In an interconnected world, global issues demand integrative solutions.
It’s a statement many people would agree with - in systems where associations between cause and effect are complex, you ignore synergistic inter-relationships between factors at your peril. But when it comes to technology innovation, it seems the rules don’t apply.
This week I am at the World Economic Forum Global Agenda Councils meeting in Dubai - I’m chairing the Council on Emerging Technologies. Our task is deceptively simple: How do we as a society ensure emerging technologies support responsive, sustainable and resilient solutions to global issues, without them leading to new problems? But as we are learning, finding answers is not easy. And the first hurdle we face is convincing people of the need to think holistically about emerging technologies.
It seems that all too often for all the talk of integrative solutions to global issues, when it comes to technology innovation, integration is the last thing on people’s minds.
I was forcibly reminded of the uphill struggle we face this afternoon, listening to BBC World News presenter Nick Gowing. Gowing was moderating a debate on natural resource scarcity, to be broadcast on the BBC World Service in a few days’ time. The debate addressed a specific question: As global population rises toward 9 billion people and the demand for natural resources such as water, food, oil and minerals increases, how do we meet the challenge of making diminishing resources go further?
On the panel were Louise Arbour, President and Chief Executive Officer of the International Crisis Group (ICG); James Cameron, Vice-chairman of Climate Change Capital; He Yafel, Ambassador and Permanent Representative of the People’s Republic of China to the United Nations; Malini Mehra, Founder and Chief Executive Officer of the Center for Social Markets (CSM) and Kevin Rudd, Australian Minister of Foreign Affairs.
I was interested to see how systemic the panel’s thinking was on potential solutions, and in particular what their take was on the role of technology innovation. So I was just a little surprised when the “technology count” - the number of times that technology was raised as part of the solution to dwindling resources - came out as a resounding zero. This was a discussion on issues that are deeply influenced by technology innovation, which revolved exclusively around social, political and economic perspectives.
I was left wondering whether technology was not on the table simply because it is seen as too complex, or whether there was a naive assumption that, as crises arise, scientists and engineers will simply pull a metaphorical white rabbit out of their technology magic hat.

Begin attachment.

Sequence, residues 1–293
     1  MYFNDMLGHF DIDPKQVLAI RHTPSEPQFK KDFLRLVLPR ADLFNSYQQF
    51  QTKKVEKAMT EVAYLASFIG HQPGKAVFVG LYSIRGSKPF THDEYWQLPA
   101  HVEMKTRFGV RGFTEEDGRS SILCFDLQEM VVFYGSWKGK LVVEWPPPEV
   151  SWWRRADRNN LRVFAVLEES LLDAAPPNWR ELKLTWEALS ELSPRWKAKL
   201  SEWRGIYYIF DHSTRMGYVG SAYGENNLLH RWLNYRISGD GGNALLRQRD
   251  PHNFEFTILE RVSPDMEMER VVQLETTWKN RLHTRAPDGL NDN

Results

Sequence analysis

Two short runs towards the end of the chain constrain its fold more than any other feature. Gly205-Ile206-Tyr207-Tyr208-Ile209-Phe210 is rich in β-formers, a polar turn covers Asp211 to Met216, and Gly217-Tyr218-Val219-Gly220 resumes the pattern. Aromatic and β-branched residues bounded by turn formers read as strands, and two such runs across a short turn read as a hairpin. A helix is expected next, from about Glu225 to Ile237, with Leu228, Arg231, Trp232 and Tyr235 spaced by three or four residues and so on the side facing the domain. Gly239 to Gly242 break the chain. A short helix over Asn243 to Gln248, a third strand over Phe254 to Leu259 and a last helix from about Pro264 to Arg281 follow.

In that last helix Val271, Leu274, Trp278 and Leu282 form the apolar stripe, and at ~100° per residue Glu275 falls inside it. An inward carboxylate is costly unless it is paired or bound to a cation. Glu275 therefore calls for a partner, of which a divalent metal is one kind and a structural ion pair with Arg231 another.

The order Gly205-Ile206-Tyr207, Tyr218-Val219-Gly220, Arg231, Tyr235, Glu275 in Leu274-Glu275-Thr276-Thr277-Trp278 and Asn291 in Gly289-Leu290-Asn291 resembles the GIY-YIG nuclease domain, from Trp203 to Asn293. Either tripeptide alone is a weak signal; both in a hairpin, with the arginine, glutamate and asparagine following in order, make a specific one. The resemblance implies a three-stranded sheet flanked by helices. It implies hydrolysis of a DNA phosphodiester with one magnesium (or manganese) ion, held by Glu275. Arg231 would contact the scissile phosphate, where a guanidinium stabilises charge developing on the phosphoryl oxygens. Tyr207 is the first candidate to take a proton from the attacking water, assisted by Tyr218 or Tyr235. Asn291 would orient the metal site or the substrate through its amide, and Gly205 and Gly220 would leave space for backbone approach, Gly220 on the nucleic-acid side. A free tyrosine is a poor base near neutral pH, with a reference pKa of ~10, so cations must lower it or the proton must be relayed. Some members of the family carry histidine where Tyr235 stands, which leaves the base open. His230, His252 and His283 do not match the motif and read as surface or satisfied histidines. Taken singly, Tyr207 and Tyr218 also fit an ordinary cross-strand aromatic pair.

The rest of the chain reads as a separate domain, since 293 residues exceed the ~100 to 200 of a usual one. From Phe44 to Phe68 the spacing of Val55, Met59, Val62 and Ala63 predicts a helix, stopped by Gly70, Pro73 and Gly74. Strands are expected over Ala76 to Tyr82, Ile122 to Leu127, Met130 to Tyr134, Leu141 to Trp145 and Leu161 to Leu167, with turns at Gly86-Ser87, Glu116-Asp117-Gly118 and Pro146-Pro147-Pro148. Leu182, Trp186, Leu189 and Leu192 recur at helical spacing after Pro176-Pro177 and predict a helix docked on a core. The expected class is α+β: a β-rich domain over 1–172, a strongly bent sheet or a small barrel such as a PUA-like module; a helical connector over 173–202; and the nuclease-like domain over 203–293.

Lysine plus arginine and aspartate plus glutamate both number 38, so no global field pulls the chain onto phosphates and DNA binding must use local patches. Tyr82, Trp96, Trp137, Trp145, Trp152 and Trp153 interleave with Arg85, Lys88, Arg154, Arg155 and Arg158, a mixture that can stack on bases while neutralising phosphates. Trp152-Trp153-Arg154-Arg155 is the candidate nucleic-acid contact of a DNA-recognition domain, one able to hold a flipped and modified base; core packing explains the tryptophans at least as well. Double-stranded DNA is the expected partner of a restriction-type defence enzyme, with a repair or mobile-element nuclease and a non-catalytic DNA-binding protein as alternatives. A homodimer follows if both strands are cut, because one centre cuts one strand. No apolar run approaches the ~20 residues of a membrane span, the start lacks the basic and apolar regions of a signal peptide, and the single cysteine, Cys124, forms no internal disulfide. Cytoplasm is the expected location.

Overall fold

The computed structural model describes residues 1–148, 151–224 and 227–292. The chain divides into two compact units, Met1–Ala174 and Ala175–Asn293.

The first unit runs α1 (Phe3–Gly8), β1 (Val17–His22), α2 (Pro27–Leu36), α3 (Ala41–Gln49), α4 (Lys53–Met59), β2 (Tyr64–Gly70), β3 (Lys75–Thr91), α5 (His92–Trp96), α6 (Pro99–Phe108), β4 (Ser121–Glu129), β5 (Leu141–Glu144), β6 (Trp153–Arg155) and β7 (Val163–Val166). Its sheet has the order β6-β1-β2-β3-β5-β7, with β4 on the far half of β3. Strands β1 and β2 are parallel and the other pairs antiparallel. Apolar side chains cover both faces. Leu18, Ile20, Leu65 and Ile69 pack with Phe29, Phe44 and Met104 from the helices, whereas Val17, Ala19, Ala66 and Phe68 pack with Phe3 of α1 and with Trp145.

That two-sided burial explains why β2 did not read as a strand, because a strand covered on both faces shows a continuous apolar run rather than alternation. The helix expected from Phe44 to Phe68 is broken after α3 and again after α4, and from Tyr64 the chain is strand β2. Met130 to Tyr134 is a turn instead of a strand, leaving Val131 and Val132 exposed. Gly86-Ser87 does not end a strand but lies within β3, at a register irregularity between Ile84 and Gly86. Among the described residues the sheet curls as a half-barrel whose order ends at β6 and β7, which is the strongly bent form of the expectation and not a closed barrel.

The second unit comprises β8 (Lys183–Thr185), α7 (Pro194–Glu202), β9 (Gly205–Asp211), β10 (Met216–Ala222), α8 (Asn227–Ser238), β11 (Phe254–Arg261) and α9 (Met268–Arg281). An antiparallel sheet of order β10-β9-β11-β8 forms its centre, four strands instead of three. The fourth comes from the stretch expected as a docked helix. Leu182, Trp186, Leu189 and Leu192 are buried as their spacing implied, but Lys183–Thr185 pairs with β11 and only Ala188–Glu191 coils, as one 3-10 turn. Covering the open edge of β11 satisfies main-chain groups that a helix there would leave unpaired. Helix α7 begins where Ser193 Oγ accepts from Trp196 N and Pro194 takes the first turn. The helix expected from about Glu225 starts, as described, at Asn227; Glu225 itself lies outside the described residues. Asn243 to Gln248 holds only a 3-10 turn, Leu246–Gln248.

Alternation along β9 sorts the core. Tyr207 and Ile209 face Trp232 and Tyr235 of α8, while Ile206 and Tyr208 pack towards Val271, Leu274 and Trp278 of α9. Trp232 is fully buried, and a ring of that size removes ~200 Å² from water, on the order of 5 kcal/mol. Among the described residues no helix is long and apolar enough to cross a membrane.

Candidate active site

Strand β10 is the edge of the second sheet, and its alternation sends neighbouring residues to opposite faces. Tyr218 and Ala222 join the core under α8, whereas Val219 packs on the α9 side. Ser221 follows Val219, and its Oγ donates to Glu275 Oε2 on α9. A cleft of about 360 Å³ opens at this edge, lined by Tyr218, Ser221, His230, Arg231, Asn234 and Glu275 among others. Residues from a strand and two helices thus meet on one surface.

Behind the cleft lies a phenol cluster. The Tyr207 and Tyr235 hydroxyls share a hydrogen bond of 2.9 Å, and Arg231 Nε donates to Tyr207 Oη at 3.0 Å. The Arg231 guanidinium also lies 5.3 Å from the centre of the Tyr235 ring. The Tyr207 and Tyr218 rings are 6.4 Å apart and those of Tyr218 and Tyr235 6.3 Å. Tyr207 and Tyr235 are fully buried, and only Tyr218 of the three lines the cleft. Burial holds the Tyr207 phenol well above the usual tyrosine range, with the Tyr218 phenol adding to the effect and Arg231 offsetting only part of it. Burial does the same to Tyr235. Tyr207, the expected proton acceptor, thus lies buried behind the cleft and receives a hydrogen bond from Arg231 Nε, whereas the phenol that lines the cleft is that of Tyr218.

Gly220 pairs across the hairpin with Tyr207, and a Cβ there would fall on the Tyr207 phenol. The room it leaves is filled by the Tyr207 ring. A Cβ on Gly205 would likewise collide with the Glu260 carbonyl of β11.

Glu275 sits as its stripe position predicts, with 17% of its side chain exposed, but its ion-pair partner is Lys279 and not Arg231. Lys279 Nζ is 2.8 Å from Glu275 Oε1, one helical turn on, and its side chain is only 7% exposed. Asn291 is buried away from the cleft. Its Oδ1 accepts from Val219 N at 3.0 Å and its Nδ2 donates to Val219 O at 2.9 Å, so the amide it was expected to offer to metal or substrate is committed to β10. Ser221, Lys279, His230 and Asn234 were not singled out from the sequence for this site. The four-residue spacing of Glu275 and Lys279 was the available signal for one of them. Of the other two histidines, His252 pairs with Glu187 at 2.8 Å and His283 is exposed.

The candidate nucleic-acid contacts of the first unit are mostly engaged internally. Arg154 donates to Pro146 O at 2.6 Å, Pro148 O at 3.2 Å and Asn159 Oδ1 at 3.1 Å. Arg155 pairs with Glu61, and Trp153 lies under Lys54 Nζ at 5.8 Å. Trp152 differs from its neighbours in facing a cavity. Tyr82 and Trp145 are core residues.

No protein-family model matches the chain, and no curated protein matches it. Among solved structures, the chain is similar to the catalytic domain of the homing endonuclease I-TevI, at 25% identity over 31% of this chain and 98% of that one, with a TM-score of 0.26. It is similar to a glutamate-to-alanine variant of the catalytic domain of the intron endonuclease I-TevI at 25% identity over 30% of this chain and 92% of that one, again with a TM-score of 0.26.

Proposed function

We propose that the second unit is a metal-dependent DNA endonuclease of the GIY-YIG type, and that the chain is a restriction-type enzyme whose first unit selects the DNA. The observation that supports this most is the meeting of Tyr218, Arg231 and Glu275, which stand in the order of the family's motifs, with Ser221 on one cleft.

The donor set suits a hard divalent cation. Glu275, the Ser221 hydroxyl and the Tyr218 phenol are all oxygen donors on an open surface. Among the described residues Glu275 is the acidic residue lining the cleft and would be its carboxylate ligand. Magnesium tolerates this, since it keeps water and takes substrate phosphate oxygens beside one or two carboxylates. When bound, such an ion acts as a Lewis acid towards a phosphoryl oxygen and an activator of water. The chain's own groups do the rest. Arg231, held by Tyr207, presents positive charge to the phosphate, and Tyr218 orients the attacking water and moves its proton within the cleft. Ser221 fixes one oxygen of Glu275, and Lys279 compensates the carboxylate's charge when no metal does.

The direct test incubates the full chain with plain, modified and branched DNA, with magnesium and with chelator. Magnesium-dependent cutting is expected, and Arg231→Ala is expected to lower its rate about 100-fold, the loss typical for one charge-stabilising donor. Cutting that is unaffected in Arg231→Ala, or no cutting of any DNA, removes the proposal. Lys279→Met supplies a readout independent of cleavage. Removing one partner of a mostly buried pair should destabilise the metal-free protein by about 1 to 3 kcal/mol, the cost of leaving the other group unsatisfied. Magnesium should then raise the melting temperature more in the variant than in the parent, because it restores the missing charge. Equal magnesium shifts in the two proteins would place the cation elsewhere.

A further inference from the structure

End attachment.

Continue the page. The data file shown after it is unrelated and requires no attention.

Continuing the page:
To be fair, the debate was specifically framed in terms of social, political and economic drivers. But I have to wonder: if integrative solutions are the key to complex and interdependent issues like resource depletion, how can we ensure that technology innovation is part of the conversation, rather than a somewhat optimistic bolt-on?
This concern is fueled by many similar experiences, and is one reason why raising awareness of the need to integrate an understanding of emerging technologies into dialogues on a multitude of global issues is high on the Council on Emerging Technologies’ agenda.
And nowhere is this more important than in responses to global risks. As society faces new systemic risks, emerging technologies have three key roles to play. They can provide tools that enable emergent risks to be monitored, tracked and better-understood; they offer potential solutions to addressing emerging issues; and they can act as agents of change which may lead to a dramatically altered risk-landscape.
But for the positive potential that is nascent in emerging technologies to be realized, integrative approaches to their development are essential. The danger of neglecting to do this is a potential failure of emerging technologies to lead to workable solutions to pressing issues. Or worse - the emergence of technologies that instead of reducing risks, lead to greater risks.
Of course, there are many discussions taking place on how emerging technologies might solve global problems. But they are usually separate from the social, economic and political factors that so often drive decision-making. And in a technologically complex and interconnected world, this is a recipe for disaster.
In moving forward, emerging technologies need to be brought in from the cold. They need to be moved up the global agenda. And they need to take their place alongside social, economic and policy factors in crafting integrative solutions to interconnected issues. Because the one thing we can be sure of is that if we don’t take an integrative approach to emerging technologies, when we most need a technology white rabbit, the hat will be empty!
I should add that even though I am the chair of the Emerging Technologies Council, these are my own views, and do not necessarily reflect those of the council.